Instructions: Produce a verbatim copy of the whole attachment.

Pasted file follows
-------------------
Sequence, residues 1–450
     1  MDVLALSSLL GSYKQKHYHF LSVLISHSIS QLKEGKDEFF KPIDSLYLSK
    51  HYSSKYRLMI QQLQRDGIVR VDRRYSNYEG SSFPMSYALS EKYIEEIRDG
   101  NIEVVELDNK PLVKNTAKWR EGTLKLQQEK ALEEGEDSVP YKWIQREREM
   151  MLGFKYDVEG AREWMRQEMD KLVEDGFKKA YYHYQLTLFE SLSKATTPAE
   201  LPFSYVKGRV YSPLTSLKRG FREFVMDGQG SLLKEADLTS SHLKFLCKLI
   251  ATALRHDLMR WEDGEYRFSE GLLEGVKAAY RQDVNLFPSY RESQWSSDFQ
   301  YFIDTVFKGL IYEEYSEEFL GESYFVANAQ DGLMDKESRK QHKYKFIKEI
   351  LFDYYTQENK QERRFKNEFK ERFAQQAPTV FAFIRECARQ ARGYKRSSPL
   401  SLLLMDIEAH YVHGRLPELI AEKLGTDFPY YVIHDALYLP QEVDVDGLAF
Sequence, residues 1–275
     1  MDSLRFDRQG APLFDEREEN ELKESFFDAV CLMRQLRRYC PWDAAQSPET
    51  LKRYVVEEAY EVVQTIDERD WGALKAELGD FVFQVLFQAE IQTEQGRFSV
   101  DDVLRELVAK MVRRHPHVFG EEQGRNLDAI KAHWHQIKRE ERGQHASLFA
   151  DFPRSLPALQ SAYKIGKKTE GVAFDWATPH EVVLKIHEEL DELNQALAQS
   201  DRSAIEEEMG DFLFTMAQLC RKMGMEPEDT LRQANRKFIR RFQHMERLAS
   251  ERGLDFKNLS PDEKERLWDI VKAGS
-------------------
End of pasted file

Sequence, residues 1–450
     1  MDVLALSSLL GSYKQKHYHF LSVLISHSIS QLKEGKDEFF KPIDSLYLSK
    51  HYSSKYRLMI QQLQRDGIVR VDRRYSNYEG SSFPMSYALS EKYIEEIRDG
   101  NIEVVELDNK PLVKNTAKWR EGTLKLQQEK ALEEGEDSVP YKWIQREREM
   151  MLGFKYDVEG AREWMRQEMD KLVEDGFKKA YYHYQLTLFE SLSKATTPAE
   201  LPFSYVKGRV YSPLTSLKRG FREFVMDGQG SLLKEADLTS SHLKFLCKLI
   251  ATALRHDLMR WEDGEYRFSE GLLEGVKAAY RQDVNLFPSY RESQWSSDFQ
   301  YFIDTVFKGL IYEEYSEEFL GESYFVANAQ DGLMDKESRK QHKYKFIKEI
   351  LFDYYTQENK QERRFKNEFK ERFAQQAPTV FAFIRECARQ ARGYKRSSPL
   401  SLLLMDIEAH YVHGRLPELI AEKLGTDFPY YVIHDALYLP QEVDVDGLAF
Sequence, residues 1–275
     1  MDSLRFDRQG APLFDEREEN ELKESFFDAV CLMRQLRRYC PWDAAQSPET
    51  LKRYVVEEAY EVVQTIDERD WGALKAELGD FVFQVLFQAE IQTEQGRFSV
   101  DDVLRELVAK MVRRHPHVFG EEQGRNLDAI KAHWHQIKRE ERGQHASLFA
   151  DFPRSLPALQ SAYKIGKKTE GVAFDWATPH EVVLKIHEEL DELNQALAQS
   201  DRSAIEEEMG DFLFTMAQLC RKMGMEPEDT LRQANRKFIR RFQHMERLAS
   251  ERGLDFKNLS PDEKERLWDI VKAGS